Sunday in New York
Directed by Peter Tewksbury
Written by Norman Krasna
Based on play by Norman Krasna
Music by Peter Nero
Cinematography Leo Tover
Edited by Fredric Steinkamp
Distributed by Metro-Goldwyn-Mayer
Release dates • November 13, 1963
Running time 105 minutes
Country United States
Budget $2 million
Box office est. $2,000,000 (US/ Canada)
Sunday in New York, filmed in Metrocolor, is a 1963 American romantic comedy film directed by Peter Tewksbury and starring Jane Fonda, Rod Taylor and Cliff Robertson. The soundtrack score was composed and performed by Peter Nero.
Eileen Tyler (Fonda), a 22-year-old Albany Times Union music critic, is suffering from her breakup with Russ (Robert Culp) from a rich Albany family. She comes to New York City to visit her brother Adam (Robertson), who is an airline pilot. Eileen confides to her brother that she thinks she may be the only 22-year-old virgin left in the world. Adam assures her that sex is not what all men look for and insists he hasn’t slept around. Of course, Adam is lying and is in hot pursuit of a tryst with his occasional girlfriend Mona. However, Adam’s date with Mona has a series of job related interruptions. Meanwhile, Eileen decides to see if she can have some fun for herself in New York, and seems to find the perfect candidate in Mike (Taylor), a man she meets on the bus. But things get complicated when Russ pops in with a proposal and a mistaken assumption.
• Jane Fonda as Eileen Tyler
• Rod Taylor as Mike Mitchell
• Cliff Robertson as Adam Tyler
• Robert Culp as Russ Wilson
• Jo Morrow as Mona Harris
• Jim Backus as Chief Pilot Drysdale
• Peter Nero as himself
Original play Sunday in New York
Written by Norman Krasna
Date premiered 29 November 1961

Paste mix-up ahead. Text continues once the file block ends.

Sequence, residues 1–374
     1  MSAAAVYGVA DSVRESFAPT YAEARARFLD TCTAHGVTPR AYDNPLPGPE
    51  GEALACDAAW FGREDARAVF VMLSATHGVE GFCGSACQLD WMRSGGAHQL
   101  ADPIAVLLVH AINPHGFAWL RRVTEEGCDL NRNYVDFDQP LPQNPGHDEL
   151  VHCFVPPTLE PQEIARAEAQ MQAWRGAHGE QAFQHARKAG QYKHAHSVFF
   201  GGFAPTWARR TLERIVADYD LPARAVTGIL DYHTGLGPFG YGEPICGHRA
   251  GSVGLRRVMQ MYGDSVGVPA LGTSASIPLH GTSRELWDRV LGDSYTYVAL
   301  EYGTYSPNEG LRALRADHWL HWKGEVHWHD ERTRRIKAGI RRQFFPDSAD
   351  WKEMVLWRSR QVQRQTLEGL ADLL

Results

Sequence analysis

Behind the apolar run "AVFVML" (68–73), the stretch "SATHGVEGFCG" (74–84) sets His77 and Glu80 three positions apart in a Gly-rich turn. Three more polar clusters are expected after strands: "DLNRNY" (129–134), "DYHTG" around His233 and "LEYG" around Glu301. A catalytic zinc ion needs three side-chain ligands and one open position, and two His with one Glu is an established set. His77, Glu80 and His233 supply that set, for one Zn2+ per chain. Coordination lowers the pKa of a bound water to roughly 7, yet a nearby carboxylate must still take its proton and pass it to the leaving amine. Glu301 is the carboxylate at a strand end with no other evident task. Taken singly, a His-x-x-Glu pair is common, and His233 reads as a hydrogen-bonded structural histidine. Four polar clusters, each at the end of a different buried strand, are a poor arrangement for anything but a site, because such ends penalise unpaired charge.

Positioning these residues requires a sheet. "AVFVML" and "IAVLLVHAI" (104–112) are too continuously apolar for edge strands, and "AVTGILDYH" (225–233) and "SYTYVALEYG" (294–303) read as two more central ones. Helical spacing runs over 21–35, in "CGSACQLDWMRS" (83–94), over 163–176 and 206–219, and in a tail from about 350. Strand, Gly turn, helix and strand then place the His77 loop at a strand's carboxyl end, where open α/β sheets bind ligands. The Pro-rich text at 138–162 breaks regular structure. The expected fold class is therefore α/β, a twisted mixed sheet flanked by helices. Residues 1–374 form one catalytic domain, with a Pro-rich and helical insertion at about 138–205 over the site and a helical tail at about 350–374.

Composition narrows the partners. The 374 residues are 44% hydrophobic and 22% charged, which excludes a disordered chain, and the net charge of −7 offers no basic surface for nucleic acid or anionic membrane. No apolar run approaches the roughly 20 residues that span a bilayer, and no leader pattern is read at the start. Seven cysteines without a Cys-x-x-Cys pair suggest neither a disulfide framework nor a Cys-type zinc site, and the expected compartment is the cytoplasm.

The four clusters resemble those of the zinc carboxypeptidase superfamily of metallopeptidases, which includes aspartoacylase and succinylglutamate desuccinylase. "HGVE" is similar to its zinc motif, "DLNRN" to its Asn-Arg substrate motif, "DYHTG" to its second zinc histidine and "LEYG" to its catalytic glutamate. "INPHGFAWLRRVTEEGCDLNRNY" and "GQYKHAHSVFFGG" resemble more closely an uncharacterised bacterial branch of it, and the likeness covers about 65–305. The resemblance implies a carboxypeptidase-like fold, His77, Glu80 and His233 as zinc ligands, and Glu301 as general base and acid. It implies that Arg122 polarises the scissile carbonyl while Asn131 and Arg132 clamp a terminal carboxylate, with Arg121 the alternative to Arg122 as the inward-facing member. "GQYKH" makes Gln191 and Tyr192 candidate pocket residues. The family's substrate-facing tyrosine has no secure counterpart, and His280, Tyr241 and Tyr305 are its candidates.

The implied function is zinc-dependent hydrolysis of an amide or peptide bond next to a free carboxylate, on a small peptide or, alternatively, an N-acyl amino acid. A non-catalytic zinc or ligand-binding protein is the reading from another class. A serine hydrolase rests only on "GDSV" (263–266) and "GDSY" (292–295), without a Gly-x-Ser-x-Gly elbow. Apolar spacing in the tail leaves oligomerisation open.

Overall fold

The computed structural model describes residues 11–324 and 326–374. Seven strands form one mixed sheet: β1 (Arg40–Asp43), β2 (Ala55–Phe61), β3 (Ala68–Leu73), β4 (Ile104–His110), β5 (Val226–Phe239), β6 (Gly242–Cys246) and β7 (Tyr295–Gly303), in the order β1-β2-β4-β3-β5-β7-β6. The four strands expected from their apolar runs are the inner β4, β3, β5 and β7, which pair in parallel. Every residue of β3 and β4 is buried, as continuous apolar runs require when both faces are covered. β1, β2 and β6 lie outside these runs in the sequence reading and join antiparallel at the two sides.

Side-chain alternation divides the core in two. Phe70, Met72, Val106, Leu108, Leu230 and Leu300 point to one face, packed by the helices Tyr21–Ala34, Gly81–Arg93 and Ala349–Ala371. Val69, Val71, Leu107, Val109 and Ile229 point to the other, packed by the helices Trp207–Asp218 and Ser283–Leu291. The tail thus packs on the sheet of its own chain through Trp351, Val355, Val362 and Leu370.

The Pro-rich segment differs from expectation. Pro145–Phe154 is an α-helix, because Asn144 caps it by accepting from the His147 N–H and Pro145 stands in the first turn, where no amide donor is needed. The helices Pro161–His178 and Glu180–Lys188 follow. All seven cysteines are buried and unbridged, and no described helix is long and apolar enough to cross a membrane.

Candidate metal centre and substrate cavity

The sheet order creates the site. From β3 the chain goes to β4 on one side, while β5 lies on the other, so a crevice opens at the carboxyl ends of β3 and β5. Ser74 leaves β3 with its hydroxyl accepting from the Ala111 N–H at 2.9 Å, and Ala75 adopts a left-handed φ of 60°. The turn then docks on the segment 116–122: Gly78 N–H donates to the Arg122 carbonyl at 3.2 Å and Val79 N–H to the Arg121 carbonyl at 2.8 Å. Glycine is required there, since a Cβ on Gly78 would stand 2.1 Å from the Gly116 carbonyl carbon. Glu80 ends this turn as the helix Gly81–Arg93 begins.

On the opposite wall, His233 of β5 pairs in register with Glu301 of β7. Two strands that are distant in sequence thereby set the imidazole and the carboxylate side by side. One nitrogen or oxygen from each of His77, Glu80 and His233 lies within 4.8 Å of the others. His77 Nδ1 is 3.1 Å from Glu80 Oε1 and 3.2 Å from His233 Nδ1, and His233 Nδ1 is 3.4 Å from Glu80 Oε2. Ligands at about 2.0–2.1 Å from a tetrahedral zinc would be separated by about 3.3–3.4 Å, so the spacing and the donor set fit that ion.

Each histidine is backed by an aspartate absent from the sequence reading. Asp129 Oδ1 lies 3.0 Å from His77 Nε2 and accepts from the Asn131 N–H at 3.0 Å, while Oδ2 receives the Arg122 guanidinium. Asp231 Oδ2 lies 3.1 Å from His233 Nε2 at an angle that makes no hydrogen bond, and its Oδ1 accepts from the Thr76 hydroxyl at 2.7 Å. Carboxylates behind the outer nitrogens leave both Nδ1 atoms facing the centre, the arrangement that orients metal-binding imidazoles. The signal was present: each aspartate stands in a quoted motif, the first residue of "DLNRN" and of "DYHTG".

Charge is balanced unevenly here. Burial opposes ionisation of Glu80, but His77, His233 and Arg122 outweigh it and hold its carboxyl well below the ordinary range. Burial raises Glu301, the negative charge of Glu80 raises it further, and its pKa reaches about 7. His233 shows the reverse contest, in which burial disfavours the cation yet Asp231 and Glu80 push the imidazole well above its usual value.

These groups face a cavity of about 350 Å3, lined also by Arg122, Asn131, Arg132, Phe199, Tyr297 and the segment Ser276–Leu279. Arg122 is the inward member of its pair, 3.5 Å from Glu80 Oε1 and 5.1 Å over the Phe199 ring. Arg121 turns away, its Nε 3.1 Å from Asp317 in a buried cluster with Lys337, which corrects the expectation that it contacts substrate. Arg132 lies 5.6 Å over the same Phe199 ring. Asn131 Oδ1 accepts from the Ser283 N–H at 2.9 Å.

Place premiered Cort Theatre, New York
Original language English
Setting New York City. The Present
The screenplay by Norman Krasna was adapted from his play, which had been produced on Broadway by David Merrick starring Robert Redford and directed by Garson Kanin. It ran for 188 performances.
Carroll Baker had at one stage been attached as star.
• Pat Harrington, Sr. as Man
• Conrad Janis as Adam Taylor
• Sondra Lee as Woman
• Ron Nicholas as Russell Wilson
• Robert Redford as Mike Mitchell
• Pat Stanley as Eileen Taylor
The film was a part of a multi-picture deal between Seven Arts and MGM. Lead roles were originally offered to Natalie Wood and Warren Beatty, who turned them down.
In a review of the playwright’s “frank screen version” of the play, Bosley Crowther characterized the film as another in a series of films that dwelled on a subject first brought to the screen ten years earlier in The Moon Is Blue: “There once was a time when the candor of Mr. Krasna’s mildly popular Broadway play about an Albany girl who struggles bravely with the problem of her virtue during a rainy afternoon in New York might have caused the Production Code people a moment or two of anxious pause. They might then have thought it a bit too racy for youthful and innocent ears”; on the film itself, Crowther said “the extent of the film’s disconcertion and delight for a viewer will depend upon how prone one may be to a juvenile quandary and to the nimble performing of a pleasant cast. The twists of the plot are downright hackneyed—the confusions of opening the wrong doors, mistaking people and getting caught in dishabille. But the actors are all attractive, and so long as one can go along with them in their valiant attempts at pretending this is hot stuff, one may have a good time.”
According to Time magazine, “Sunday in New York is another brightly salacious Hollywood comedy about the way of a man with a maid who just may. ‘This motion picture,’ leers an announcement flashed on the screen as a teaser, ‘is dedicated to the proposition that every girl gets…sooner or later.’ As usual, winking wickedness turns out to be mostly eyewash, but the plot—more to be pitied than censored—gets a buoyant lift from stars Jane Fonda, Cliff Robertson and Rod Taylor. All three abandon themselves to the film version of Norman Krasna’s trite Broadway farce with disarming faith, as though one more glossy, glittering package of pseudo sex might save the world.”